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afterwards already answer appears attention authority believe brought Burke called cause character circumstances claim Commons conduct considerable considered continued course dear doubt effect England expected expressed eyes father feelings give given hand heart honour hope House instance interest kind Lady late least leave less letter lively look Lord manner means measures meet mind Minister Miss nature never night object occasion once opinion party passed perhaps period person Pitt play political present Prince principles produced question reason received remain remarkable respect Royal Royal Highness scene seems Sheridan side situation soon sort speech spirit success suppose sure taken talents Theatre thing thought tion took true whole wish write written young
Page 557 - Opera), the best farce (the Critic— it is only too good for a farce), and the best Address (Monologue on Garrick), and, to crown all, delivered the very best Oration (the famous Begum Speech) ever conceived or heard in this country.
Page 144 - Well, I'll not debate how far scandal may be allowable ; but in a man, I am sure, it is always contemptible. We...
Page 174 - Pity it is, that the momentary beauties flowing from an harmonious elocution, cannot like those of poetry be their own record! That the animated graces of the player can live no longer than the instant breath and motion that presents them; or at best can but faintly glimmer through the memory, or imperfect attestation of a few surviving spectators.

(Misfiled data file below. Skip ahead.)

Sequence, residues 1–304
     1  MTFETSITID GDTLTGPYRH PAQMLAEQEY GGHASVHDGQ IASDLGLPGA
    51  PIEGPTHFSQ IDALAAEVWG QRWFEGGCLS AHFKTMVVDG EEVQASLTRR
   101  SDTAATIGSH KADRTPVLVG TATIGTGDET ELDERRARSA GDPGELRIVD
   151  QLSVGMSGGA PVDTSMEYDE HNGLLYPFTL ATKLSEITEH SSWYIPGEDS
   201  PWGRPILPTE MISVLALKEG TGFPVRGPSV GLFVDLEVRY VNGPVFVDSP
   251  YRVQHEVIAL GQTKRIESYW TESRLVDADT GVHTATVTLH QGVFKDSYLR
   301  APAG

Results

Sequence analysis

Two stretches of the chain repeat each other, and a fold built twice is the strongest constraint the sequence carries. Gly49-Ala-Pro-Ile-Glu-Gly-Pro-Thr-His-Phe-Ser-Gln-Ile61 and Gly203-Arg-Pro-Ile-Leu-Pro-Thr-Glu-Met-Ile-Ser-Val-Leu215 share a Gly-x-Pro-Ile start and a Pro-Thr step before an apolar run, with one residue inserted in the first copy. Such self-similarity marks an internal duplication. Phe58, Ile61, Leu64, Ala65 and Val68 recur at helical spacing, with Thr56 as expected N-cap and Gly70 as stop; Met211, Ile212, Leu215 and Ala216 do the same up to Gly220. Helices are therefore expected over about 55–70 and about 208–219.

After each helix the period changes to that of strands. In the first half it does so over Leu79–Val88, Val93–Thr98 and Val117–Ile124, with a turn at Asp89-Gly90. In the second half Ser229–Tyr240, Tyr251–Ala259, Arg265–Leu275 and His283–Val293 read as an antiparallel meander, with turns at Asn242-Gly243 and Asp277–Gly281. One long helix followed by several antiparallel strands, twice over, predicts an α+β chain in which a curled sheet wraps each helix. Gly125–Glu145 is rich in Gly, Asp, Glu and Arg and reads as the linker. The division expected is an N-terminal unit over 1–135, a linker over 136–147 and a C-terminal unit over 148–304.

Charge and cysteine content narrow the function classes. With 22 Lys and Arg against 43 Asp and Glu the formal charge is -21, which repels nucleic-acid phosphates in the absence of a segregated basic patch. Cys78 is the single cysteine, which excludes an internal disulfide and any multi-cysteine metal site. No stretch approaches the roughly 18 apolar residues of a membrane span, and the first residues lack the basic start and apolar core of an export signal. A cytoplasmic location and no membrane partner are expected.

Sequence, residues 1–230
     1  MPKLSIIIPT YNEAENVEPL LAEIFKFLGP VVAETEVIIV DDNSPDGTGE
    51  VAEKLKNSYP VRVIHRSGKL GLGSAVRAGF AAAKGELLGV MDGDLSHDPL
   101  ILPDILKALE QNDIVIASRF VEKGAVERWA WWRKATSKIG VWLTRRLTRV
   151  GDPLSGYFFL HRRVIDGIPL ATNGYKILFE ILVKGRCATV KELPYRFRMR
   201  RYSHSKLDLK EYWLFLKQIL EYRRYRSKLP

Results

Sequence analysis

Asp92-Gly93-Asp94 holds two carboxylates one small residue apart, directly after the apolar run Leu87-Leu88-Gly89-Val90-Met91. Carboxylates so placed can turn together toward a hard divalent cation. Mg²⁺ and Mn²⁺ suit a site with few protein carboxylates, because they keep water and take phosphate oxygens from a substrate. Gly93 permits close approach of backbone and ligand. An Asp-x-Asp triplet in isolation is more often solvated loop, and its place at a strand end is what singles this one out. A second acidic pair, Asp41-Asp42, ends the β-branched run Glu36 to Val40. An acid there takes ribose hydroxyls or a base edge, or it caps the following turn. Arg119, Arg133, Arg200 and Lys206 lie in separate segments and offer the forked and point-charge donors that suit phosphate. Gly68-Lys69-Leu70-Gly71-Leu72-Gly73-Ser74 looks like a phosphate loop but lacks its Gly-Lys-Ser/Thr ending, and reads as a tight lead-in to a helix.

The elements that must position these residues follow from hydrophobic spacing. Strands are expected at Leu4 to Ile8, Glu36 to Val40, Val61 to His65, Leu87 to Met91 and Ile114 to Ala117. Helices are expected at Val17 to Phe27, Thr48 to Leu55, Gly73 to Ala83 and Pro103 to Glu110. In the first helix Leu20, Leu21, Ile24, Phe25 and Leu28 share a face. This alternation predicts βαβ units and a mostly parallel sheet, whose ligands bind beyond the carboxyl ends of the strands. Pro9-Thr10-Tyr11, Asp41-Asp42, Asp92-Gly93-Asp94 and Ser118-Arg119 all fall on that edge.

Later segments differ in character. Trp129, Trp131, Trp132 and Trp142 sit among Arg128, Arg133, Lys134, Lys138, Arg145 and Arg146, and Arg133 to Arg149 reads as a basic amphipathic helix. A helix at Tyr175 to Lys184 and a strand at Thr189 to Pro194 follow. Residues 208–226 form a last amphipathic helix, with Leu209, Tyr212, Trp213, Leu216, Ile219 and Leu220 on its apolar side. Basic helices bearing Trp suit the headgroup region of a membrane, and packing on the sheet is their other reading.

Page 174 - The painter dead, yet still he charms the eye; While England lives, his fame can never die: But he who struts his hour upon the stage, Can scarce extend his fame for half an age; Nor pen nor pencil can the actor save, The art, and artist, share one common grave.
Page 168 - I don't say the sun shines all the day ; but, that he peeps now and then. Yet he does shine all the day, too, you know, though we don't see him.
Page 141 - ... the credit of a prudent lady of her stamp as a fever is generally to those of the strongest constitutions. But there is a sort of puny sickly reputation, that is always ailing, yet will outlive the robuster characters of a hundred prudes. Sir BEN.
Page 457 - ... in direct opposition to the declared sense of a great majority of the nation, and they should be put in force with all their rigorous provisions, if his opinion were asked by the people as to their obedience, he should tell them, that it was no longer a question of moral obligation and duty, but of prudence.
Page 570 - Was this, then, the fate of that high-gifted man, The pride of the palace, the bower, and the hall, The orator — dramatist — minstrel,— who ran Through each mode of the lyre, and was master of all...